Doubles  As much as we all like to see ourselves as bookies bashers in the making, it’s often hard to achieve a serious payout on a single win bet. Most often we adjust our stakes based on the odds, so will lump on at even money, but be much more conservative on a 18-1 shot for instance. This makes sense of course, but at the same time limits of chances of a genuinely big win. That’s where it can make sense to go the multiples route. Sure, common sense tells you that any given multiple bet you do isn’t going to result in easy money, but at least when you do get a good result, you get a really good one!

If picking a tonne of selections day in, day out and hoping for a win before you croak has too much of a ‘lottery’ aspect it to for your liking, it’s worth remembering that a multiple bet can consist of as few as two selections. Betting on a double (a bet on two selections where both must win – with the exception of ‘each-way’ doubles) isn’t exactly ‘going out on a limb’ if the selections you have in mind are based on sound logic and reading the form. In fact if you’re confident of your bet it can be something of a no-brainer to bet on a double even if your selections are individually relatively short priced. Case in point, you have a £10 stake on this horse racing double:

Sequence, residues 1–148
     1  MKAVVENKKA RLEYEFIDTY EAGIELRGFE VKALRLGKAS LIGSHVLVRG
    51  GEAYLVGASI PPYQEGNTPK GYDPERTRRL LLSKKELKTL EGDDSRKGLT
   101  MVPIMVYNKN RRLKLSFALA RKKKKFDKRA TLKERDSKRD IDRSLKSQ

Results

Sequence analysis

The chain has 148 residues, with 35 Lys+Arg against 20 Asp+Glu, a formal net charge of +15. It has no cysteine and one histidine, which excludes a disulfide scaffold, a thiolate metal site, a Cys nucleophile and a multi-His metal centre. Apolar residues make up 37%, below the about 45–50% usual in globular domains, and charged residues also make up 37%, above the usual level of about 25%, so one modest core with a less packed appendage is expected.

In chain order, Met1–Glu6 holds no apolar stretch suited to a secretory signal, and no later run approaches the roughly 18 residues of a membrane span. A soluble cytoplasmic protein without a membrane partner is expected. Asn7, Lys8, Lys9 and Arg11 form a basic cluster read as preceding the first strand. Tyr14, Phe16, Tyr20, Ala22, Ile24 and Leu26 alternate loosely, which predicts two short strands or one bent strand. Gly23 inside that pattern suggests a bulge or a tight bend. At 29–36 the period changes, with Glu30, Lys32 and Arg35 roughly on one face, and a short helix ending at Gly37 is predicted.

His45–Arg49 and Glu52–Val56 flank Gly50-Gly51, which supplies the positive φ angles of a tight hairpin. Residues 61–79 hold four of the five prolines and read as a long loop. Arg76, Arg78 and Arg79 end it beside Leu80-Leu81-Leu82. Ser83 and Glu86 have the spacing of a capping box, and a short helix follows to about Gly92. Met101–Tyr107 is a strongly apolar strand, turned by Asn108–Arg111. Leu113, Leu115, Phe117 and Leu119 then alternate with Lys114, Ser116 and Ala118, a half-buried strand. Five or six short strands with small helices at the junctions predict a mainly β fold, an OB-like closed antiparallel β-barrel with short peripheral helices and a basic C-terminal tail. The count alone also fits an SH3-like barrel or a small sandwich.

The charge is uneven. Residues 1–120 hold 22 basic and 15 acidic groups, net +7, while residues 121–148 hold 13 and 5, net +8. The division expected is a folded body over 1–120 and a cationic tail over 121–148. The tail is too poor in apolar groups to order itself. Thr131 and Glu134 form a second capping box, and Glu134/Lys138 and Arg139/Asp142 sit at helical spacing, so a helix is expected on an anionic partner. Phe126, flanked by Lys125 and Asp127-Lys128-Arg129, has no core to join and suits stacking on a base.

‘Romp Home’ at odds of 2-1

‘Can’t Lose, Won’t Lose’ at 3-1

If ‘Romp Home’ wins you make £20 profit (£30 including your stake). This £30 bet then rides on your second selection ‘Can’t Lose, Won’t Lose’ and if that wins adds another £90 so you have £120 in total or £110 profit minus your original £10 bet.

Doubles are very common with football bets too. You’ll often see them highlighted in a bookmakers windows. ‘Chelsea to win with X to score first’ or something along those lines. It’s a popular punt to make nowadays.

As you can see from the example, when you’re betting on reasonably likely outcomes or even favourites, it doesn’t take a lot to go your way for a small initial bet to make a tidy profit. Now extend that to trebles and beyond and you can see the potential in multiples.